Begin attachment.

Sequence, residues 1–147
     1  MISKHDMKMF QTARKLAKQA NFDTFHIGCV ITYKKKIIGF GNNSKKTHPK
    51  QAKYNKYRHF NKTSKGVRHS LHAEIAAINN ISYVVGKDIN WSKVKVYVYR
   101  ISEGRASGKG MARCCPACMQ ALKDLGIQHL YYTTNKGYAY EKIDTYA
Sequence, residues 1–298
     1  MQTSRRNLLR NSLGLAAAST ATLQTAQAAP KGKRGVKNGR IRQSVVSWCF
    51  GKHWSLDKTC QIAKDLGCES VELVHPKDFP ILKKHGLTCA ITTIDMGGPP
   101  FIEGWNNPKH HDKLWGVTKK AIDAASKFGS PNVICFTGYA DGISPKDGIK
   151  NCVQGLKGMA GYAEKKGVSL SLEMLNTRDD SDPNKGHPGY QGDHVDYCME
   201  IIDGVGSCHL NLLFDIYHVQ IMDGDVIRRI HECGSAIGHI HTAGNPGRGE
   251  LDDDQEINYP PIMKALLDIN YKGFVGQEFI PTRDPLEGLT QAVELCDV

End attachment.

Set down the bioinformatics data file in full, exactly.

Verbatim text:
Sequence, residues 1–147
     1  MISKHDMKMF QTARKLAKQA NFDTFHIGCV ITYKKKIIGF GNNSKKTHPK
    51  QAKYNKYRHF NKTSKGVRHS LHAEIAAINN ISYVVGKDIN WSKVKVYVYR
   101  ISEGRASGKG MARCCPACMQ ALKDLGIQHL YYTTNKGYAY EKIDTYA
Sequence, residues 1–298
     1  MQTSRRNLLR NSLGLAAAST ATLQTAQAAP KGKRGVKNGR IRQSVVSWCF
    51  GKHWSLDKTC QIAKDLGCES VELVHPKDFP ILKKHGLTCA ITTIDMGGPP
   101  FIEGWNNPKH HDKLWGVTKK AIDAASKFGS PNVICFTGYA DGISPKDGIK
   151  NCVQGLKGMA GYAEKKGVSL SLEMLNTRDD SDPNKGHPGY QGDHVDYCME
   201  IIDGVGSCHL NLLFDIYHVQ IMDGDVIRRI HECGSAIGHI HTAGNPGRGE
   251  LDDDQEINYP PIMKALLDIN YKGFVGQEFI PTRDPLEGLT QAVELCDV